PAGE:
children

World Vision in Zambia and its partners hold a National Children's Symposium

By Tisa Banda, Communications and Donor Liaison Officer, Zambia

World Vision's national director in Zambia, John Hasse, says the organisation remains committed to enhancing the well-being of children across the country.

Mr. Hasse says children cannot enjoy their childhood without an enhanced Child Protection system.

He spoke at the close of the two-day National Children’s Symposium in Lusaka, in a speech read by World Vision Zambia Community Engagement and Sponsorship Plan (CESP) Technical Manager Kalimansi Sinyangwe.

Kalimansi

"Children are the main reason we exist as an organisation, and we know how important they are to the future of Zambia and the world. We are delighted to continue working with government and other partners such as UNICEF and Save the Children to enhance the children’s rights and promote child well-being at all levels," said Mr. Hasse.

As one of the organisations that supported the enactment of the Children’s Code Act Number 20 of 2022, World Vision in Zambia is confident that with that law, there will be a reduction in the occurrence of child-related abuses, Mr. Hasse said.

All ten provinces attended the symposium, with the other nine joining Lusaka virtually. The event coincided with World Children’s Day, held on 20 November 2022, with the theme: A better future for every child.

Mr. Hasse said the theme is in line with World Vision's overall goal in Zambia: to see all children flourish and live life fully.

Girls and boys are partners in community and social transformation

“This cannot be achieved without involving other partners, including you, the children. Children’s own lived experiences and participation is fundamental to our decisions and a measure of the impact of our work,” Mr. Hasse said.

He disclosed that the organisation is enhancing this by including girls and boys, as they are significant actors in the decisions that affect their well-being at all levels.

World Vision in Zambia senior leaders, board members and all staff in every sector are prepared and supported to include children’s participation in decision-making processes.

JO

Save the Children Country Director Jo Musonda urged the children to continue voicing out their issues even if sometimes it takes longer for them to be acted upon.

“You demanded the Children’s Code Act. It took a long time, but it’s now law. The next step is now the implementation. It will take some time, but it’s a great positive step. Another thing is that you demanded free education, and free education is now being provided. It’s not perfect. There are challenges. We know. So, keep up with your demands. Keep clear of your messages. Listen to one another. Give yourselves a chance to participate,” she said.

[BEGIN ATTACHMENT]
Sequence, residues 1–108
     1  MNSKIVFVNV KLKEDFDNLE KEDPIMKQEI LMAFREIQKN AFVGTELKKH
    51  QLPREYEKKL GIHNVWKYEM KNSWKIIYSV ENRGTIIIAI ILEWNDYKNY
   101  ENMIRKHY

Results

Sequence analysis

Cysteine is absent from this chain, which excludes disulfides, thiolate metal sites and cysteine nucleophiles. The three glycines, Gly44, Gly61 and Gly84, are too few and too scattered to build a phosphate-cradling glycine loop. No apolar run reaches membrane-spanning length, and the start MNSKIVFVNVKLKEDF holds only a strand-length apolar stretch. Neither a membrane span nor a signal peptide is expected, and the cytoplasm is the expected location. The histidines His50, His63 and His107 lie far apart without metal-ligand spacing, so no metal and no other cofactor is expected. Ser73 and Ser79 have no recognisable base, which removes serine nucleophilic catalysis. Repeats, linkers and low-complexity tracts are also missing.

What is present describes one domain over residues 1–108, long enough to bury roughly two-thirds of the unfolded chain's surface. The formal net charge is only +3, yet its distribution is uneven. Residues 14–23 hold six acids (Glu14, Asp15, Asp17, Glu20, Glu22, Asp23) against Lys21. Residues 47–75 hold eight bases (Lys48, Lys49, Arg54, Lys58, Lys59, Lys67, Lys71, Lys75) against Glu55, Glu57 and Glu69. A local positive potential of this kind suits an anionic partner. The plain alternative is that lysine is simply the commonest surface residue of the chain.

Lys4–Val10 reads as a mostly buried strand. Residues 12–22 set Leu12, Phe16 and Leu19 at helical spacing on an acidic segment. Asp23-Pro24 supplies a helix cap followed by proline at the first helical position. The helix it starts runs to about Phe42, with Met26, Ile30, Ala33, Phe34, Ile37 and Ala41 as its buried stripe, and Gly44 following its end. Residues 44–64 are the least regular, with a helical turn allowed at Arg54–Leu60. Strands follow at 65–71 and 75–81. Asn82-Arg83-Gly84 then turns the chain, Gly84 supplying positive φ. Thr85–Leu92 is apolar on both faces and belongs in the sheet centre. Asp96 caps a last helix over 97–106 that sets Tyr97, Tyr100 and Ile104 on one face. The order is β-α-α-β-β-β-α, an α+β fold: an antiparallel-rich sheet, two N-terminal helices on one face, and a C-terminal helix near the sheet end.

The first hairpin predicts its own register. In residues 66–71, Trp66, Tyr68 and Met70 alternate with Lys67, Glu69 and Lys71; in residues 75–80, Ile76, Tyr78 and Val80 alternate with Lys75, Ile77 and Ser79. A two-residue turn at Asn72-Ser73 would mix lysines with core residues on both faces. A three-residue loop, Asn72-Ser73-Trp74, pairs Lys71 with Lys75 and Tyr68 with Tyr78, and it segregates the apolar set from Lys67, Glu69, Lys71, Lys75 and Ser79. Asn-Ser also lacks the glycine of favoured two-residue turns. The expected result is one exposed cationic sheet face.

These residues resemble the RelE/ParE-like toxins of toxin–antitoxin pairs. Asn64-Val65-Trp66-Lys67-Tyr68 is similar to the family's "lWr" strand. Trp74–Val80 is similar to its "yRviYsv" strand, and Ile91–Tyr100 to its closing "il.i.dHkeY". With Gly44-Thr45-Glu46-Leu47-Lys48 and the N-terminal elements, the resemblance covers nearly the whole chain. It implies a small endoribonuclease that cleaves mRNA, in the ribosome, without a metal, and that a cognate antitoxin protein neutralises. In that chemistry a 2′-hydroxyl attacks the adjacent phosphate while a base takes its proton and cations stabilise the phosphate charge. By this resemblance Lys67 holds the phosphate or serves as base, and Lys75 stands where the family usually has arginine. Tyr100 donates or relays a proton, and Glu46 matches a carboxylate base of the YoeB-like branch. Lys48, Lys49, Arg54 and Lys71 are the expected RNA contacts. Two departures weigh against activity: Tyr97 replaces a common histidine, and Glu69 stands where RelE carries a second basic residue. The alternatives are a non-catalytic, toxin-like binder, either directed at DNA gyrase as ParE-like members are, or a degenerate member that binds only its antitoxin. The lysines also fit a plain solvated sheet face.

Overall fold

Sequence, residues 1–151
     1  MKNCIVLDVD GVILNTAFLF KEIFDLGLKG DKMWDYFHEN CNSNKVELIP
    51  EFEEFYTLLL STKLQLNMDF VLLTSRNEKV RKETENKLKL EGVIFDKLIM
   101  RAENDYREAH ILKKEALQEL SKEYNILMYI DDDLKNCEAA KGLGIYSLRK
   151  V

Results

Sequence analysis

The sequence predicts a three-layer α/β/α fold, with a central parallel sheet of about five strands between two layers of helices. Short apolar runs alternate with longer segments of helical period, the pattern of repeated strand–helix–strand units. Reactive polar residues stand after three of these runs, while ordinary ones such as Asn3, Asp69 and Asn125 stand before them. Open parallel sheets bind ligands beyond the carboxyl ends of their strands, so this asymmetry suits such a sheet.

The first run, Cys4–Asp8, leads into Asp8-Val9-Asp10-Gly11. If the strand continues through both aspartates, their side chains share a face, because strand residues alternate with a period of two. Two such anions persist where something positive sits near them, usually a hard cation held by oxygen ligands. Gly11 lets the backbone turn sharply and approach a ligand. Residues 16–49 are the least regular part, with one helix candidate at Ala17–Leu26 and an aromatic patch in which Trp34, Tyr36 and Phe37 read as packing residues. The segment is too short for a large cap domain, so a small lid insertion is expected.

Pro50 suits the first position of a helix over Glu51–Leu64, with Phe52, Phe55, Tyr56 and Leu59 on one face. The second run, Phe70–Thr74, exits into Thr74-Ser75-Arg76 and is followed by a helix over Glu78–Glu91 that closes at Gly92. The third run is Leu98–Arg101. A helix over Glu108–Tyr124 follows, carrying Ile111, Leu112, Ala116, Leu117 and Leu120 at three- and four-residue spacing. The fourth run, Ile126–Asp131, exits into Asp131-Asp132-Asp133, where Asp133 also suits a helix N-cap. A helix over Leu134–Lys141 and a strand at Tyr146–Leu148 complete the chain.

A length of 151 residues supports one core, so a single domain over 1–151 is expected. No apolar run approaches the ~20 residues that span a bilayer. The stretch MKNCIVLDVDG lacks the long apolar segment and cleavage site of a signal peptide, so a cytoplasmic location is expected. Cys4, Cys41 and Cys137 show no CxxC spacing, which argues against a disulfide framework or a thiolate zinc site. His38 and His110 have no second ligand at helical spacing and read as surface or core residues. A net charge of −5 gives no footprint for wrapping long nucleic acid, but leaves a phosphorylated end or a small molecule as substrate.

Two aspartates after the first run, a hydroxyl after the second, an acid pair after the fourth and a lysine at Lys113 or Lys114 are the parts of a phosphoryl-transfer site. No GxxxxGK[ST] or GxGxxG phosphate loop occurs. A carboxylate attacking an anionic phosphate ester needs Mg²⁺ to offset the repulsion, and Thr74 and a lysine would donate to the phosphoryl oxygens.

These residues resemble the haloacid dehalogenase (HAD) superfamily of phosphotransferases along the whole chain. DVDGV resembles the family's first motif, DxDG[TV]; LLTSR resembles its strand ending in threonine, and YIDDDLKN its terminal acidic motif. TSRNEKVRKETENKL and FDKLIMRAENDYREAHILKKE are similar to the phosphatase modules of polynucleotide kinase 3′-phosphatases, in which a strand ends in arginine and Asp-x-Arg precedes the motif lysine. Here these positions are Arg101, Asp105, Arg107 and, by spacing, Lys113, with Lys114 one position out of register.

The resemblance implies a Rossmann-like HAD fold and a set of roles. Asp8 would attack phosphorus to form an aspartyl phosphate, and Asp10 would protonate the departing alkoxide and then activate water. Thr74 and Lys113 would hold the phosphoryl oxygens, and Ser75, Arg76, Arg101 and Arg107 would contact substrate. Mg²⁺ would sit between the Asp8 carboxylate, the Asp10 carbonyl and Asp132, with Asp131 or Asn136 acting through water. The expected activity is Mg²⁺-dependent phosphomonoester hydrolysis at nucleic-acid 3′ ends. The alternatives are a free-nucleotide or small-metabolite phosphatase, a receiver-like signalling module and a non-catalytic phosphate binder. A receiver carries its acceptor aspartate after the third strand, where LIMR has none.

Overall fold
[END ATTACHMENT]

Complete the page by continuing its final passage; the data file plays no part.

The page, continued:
Ms. Musonda urged the children to focus on their priorities, rather than giving a long list of demands, as that would be easier for the government and cooperating partners to implement.

In a speech read for her by Chief Child Development Officer Samuel Mwenda, Community Development and Social Services Minister Doreen Mwamba said the government remains fully committed towards the uplifting of children’s rights in the country through, among other things, collaboration with partners and more importantly, the children themselves.

“Our children today face many challenges that hamper their survival, protection, development and participation to realise their potential fully. Statistics indicate that about 63% of the Zambian population comprises children under 18. Estimates also indicate that 60% of children live in rural households, and 12,000 children are estimated to be seeking a living on our streets,” she said.

The Minister said the government will always remain committed towards the survival, protection, development and participation rights of children for them to realise their full potential and ensure that they grow up to be responsible citizens who will be able to take the country to greater heights in terms of development.

Children are the future

Speaking on behalf of the children, 17-year-old Tawana said children are the future and rely on the government and its stakeholders to look into their welfare.

“Zambia remains one of the youngest populations in Africa, yet there is still a lack of opportunities for us children to participate. We children need to voice out. We need to take part in decisions involving our well-being and our future," Tawana said.

She urged the government to increase education infrastructure while offering free education and reducing poverty, as children living in poverty feel unequal to others and lack opportunities to participate in national and their own development.

20 November also marks the anniversary of the United Nations Convention on the Rights of a Child, the most important legislation to improve children’s rights worldwide.